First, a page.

Such is the appeal of European middle-distance horses that international buyers are prepared to dig deep to secure the right horse
Depending on your racing preference, it’s either a time of the year to hunker down and long for the start of the Dubai Carnival as the next bout of meaningful action on the Flat or it’s time to swathe yourself in tweed and rejoice that the big-name jumpers are now back out in force. And for those of us who swing both ways (in a racing sense) this time of the year is more exciting than Christmas morning, with top-class action having been coming thick and fast under both codes.
Peter Moody’s us-and-them rant about the proliferation of ‘third-rate’ British stayers in Australia’s best longer-distance races is unlikely to dampen the ardour of those who make the pilgrimage from the southern hemisphere to Tattersalls for the Horses-in-Training Sale each autumn. Indeed, this year again they were out in force, with 2.5 million guineas spent on 23 thoroughbreds all now on their way to Australia – and to those add a sizeable number of private purchases throughout the year.
The last two winners of the Melbourne Cup – Green Moon and Fiorente – were both secured in the latter manner from the stables of Harry Dunlop and Sir Michael Stoute respectively. While there’s a certain amount of national pride to be derived from horses born in Britain or Ireland heading around the world to advertise the superiority of our middle-distance stock, there’s also some regret if, like me, you love nothing more than the type of tough stayers and dual-purpose prospects who are increasingly being lost to these shores.
Fiorente’s dual appeal
Moody may have thought he was insulting our way of training in this country to say that Fiorente would have ended up as a steeplechaser had he stayed here, but Black Caviar’s trainer perhaps doesn’t fully appreciate the depth of passion for the winter game in this part of the world. Whether or not he would ever have been tried over the sticks is a moot point but prior to Fiorente’s departure for Gai Waterhouse’s stable there had certainly been interest expressed in him as a National Hunt stallion by at least one member of the jumping fraternity.
There’s no hotter sireline in the National Hunt ranks at present than that of Monsun
It’s easy to see why. There’s no hotter sireline in the National Hunt ranks at present than that of Monsun, and the Ballymacoll Stud-bred Fiorente is out of a mare by another of the farm’s homebreds, Pilsudski, from the family of Coolmore’s young jumps stallion Mountain High (who, incidentally, sired AP McCoy’s 4,000th winner, Mountain Tunes).
With most Australian breeders more focused on speed, Fiorente may yet find his way back to the northern hemisphere when he retires to stud, but the tide may be starting to turn in that regard and it has been encouraging to hear that Dynaformer’s son Americain, the 2012 Melbourne Cup winner, has been well supported in his first season at Adam Sangster’s Swettenham Stud in Victoria.
As highlighted by Andrew Caulfield on page 80, however, there are no shortage of sons of Monsun currently standing under the National Hunt banner. Most famous of them all is Haras du Cercy resident Network, sire of the superb Sprinter Sacre, but unless you’re a member of the breeders’ co-operative that owns the stallion you can pretty much forget about sending him a mare. Schiaparelli, Getaway and Arcadio are all standing in Britain and Ireland, and, as Andrew laments, Darley has released Shirocco from its ranks to stand alongside Presenting and Robin Des Champs at the Cashman family’s Glenview Stud, where he will be kept busy.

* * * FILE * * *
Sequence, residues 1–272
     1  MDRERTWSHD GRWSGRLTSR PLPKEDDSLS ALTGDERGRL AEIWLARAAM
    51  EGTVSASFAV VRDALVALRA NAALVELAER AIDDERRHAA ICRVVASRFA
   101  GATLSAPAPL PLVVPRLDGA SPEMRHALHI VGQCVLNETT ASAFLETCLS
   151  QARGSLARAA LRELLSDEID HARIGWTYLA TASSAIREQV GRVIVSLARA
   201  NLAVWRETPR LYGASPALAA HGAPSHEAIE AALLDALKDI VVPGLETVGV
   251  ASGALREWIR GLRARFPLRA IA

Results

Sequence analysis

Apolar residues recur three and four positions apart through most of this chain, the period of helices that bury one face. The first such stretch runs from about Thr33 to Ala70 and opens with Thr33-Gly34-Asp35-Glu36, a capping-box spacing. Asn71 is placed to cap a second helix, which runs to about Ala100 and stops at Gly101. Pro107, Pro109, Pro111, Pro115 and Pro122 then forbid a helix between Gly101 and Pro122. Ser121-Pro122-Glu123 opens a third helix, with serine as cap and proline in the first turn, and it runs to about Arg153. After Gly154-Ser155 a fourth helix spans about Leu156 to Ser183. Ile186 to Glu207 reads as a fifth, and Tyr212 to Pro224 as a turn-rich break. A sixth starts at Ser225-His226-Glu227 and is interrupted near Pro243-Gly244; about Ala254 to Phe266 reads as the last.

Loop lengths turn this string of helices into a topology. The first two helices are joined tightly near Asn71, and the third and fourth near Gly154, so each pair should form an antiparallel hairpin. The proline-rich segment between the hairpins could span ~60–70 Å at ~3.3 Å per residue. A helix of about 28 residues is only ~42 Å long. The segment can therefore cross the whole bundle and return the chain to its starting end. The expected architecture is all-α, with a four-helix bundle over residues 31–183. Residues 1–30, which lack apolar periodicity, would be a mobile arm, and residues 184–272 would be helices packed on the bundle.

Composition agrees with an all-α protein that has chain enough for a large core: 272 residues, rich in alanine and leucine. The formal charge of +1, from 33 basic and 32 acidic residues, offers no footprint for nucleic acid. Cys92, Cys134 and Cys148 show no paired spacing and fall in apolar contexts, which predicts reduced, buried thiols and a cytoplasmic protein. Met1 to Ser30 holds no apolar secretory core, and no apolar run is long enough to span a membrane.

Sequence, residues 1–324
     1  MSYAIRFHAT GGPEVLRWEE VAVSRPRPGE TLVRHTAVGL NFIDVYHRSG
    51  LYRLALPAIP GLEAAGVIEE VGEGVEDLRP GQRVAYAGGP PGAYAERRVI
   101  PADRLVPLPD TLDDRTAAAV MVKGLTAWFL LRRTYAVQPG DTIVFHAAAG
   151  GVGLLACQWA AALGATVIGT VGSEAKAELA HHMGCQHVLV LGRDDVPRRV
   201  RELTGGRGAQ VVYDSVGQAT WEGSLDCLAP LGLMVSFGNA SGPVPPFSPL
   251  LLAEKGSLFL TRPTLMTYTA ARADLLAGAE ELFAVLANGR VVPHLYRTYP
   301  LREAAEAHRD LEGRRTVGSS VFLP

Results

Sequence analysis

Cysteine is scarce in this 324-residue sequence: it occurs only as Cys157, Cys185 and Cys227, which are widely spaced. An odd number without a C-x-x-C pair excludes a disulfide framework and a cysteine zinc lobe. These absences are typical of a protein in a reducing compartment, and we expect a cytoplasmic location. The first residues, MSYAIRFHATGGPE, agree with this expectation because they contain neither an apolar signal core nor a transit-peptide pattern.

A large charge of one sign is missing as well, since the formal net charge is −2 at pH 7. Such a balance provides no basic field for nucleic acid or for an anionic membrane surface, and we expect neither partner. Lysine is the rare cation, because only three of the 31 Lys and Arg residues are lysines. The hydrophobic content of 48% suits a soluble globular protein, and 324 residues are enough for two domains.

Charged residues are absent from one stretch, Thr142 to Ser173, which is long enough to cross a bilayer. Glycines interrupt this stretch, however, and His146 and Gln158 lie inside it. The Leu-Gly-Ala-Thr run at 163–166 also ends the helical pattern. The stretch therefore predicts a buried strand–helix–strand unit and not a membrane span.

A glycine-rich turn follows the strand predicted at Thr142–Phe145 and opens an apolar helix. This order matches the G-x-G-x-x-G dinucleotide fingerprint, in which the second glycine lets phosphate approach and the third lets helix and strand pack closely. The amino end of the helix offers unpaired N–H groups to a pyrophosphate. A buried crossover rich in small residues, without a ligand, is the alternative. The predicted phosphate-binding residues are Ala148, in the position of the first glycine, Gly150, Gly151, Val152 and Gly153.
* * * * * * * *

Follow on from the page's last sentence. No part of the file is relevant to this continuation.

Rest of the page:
Forward-thinking British National Hunt breeders made the most of Shirocco while he was still at Dalham Hall Stud and he had no shortage of representatives at the inaugural TBA National Hunt Foal Show at Bangor in July, including a section winner bred by Richard and Sally Aston.
A high-class jumping mare to have visited Shirocco in his second season was Lady Cricket, who, among her 11 victories landed the Thomas Pink Gold Cup at Cheltenham in 2000 for David Johnson, who retained her as a broodmare. The result of that mating, now four and named Red Sherlock, was the fitting winner of the finale of that same meeting this year – his third consecutive bumper victory – bearing his mother’s colours for the family of his late owner/breeder, who died in July. He became the third of Lady Cricket’s offspring to earn jumping black type and her many fans can look forward to the exploits of Red Sherlock’s brothers in years to come as Lady Cricket has returned to Shirocco twice subsequently, producing two colts.
Flying the flag
Alan Yuill Walker wished to mention in dispatches in his Breeder of the Month column other notable British-bred successes around the world. Lack of space prevented him from doing so in that forum so we will pay tribute here to those Alan had selected, who are George Strawbridge for Moonlight Cloud (Prix de la Foret), New England Stud and the Vela brothers for Maarek (Prix de l’Abbaye de Longchamp), and Tim Vestey for Seal Of Approval (Champion Fillies & Mares Stakes).
An extra special mention must go to Ian and Emma Balding of Kingsclere Stud for not only breeding Side Glance, who landed the Group 1 Mackinnon Stakes on VRC Derby day at Flemington, but also for breeding his sire, Passing Glance, and his trainer, Andrew Balding. Quite an achievement.